If I’ve learned one thing from these three experiences it is that it makes sense to work together with a whole team of people to put together a genome. The Dichanthelium genome project I was mostly working with a single other postdoc who also thought the potential for comparative genomics/biology of the species was cool, and in retrospect we bit off way more than we could chew, and were lucky to make it across the finish line to a paper. For both proso millet and brachypodium, I had the joy of working with big teams of people including folks whose whole job was genome assembly and annotation, and they were really REALLY good at it.
So what can I tell you about proso millet? It produces grain more efficiently per unit of water transpired than any other grain crop studied. It can produce grain in fewer days than any other crop I’ve worked with (some varieties are ready for harvest 50-60 days after planting!) It’s an allotetraploid, although so far we’ve only found a diploid lineage related to one of its subgenomes, not the other. One early approach we tried (see Ott et al below) was to use a technology designed to separate and phase the haplotypes of a diploid human to separate and phase the two subgenomes of an inbred tetraploid individual of proso millet. I’ve actually met farmers in both China and the USA who grow the crop, which is a really nice feeling. With one of my private sector hats on, I’ll get to use this genome to try to make higher yielding varieties of proso millet for those exact farmers. With my main public sector hat on, I’m excited to have a model for NAD-ME C4 photosynthesis that is easier to germinate, grow, and propagate than Panicum hallii or Panicum virgatum. There is nothing like working with wild grasses to make you appreciate the work all of our ancestors did to select against seed dormancy and photoperiod sensitivity while they were domesticating crops from wild species over dozens and hundreds of generations.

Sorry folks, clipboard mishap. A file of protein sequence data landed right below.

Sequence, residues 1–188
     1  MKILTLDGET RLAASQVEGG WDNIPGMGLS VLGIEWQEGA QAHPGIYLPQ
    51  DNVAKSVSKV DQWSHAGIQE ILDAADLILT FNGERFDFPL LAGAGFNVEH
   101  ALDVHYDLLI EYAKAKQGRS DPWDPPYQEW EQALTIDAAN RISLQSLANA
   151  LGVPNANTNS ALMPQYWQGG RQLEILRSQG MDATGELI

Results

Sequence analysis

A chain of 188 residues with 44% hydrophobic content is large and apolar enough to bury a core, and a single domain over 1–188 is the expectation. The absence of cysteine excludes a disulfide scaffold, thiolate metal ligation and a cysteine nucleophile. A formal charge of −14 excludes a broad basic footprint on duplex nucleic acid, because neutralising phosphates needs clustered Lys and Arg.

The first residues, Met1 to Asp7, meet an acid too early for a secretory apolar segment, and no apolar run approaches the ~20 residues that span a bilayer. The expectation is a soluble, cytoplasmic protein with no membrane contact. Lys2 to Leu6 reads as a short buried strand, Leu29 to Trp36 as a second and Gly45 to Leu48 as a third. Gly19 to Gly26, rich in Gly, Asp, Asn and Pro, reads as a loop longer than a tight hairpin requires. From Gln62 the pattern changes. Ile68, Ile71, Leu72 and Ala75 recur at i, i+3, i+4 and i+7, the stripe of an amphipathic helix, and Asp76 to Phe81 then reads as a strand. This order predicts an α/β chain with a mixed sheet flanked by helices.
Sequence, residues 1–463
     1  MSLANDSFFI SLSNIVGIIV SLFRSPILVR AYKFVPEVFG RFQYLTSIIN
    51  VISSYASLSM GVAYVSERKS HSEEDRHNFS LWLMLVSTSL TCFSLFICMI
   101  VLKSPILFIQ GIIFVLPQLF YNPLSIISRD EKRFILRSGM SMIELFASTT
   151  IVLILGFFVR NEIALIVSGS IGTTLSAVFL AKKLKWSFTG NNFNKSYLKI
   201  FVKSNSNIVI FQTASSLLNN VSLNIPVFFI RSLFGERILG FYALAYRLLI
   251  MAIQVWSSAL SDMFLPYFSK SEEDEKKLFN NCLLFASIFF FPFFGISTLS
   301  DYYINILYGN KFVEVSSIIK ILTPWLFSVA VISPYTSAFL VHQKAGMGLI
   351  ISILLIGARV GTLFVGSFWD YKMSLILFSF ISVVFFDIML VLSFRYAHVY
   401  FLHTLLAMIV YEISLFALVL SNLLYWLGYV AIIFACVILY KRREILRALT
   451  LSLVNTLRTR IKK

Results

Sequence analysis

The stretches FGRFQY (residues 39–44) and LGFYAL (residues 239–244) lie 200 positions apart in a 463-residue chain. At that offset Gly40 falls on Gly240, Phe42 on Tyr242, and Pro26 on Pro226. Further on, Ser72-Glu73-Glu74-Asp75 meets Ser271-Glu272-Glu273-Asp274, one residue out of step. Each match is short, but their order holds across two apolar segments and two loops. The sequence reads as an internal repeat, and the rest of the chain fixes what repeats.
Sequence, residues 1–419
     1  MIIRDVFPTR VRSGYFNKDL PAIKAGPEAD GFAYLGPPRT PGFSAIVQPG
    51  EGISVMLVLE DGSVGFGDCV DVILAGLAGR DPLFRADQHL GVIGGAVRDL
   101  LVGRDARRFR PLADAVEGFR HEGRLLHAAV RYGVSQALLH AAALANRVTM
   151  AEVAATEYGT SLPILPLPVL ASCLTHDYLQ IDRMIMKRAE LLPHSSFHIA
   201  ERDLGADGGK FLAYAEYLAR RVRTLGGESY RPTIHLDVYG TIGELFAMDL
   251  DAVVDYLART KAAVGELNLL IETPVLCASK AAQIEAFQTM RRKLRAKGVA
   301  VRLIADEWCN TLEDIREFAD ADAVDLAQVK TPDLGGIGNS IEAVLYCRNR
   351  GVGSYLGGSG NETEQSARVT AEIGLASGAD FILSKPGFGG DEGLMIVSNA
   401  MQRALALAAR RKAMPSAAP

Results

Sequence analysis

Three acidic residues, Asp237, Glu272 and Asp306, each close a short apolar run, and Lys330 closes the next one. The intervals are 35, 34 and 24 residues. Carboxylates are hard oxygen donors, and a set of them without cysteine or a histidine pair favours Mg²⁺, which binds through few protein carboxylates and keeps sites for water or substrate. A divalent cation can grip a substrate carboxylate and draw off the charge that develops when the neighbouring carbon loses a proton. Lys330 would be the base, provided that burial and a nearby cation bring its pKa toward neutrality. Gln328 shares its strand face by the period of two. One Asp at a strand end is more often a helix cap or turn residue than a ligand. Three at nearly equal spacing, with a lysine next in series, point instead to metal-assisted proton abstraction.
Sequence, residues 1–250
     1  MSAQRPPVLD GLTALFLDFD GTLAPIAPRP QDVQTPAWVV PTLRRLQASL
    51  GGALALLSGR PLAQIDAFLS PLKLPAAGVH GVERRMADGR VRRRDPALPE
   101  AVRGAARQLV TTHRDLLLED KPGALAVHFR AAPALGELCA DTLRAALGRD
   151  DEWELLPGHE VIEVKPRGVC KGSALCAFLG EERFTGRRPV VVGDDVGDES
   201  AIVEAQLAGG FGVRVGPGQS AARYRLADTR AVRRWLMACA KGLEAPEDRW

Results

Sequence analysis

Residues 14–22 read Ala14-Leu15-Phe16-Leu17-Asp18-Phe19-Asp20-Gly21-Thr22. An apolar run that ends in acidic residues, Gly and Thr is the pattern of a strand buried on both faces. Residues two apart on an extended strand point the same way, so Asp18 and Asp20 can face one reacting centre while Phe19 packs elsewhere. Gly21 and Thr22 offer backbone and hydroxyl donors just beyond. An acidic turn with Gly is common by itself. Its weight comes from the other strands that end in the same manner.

Zou C, Miki D, Li D, Tang Q, Xiao L, Rajput S, Deng P, Peng L, Huang R, Zhang M, Sun Y, Hu J, Fu X, Schnable PS, Li F, Zhang H, Feng B, Zhu X, Liu R, Schnable JC, Zhu JK, Zhang H. (2019) “The genome of broomcorn millet.” Nature Communications doi: 10.1038/s41467-019-08409-5
Editor’s note: this is a repost of an article which originally ran on James and the Giant Corn March 26th, 2017. I’m choosing to post this new, slightly amended version a little more than a year later to mark the publication of the paper describing Genotype Corrector. All told it took approximately 18 months from initial submission to final publication. However, to be fair a lot of that time was spent waiting for a single round of peer review at a different journal from the one in which the paper finally appeared.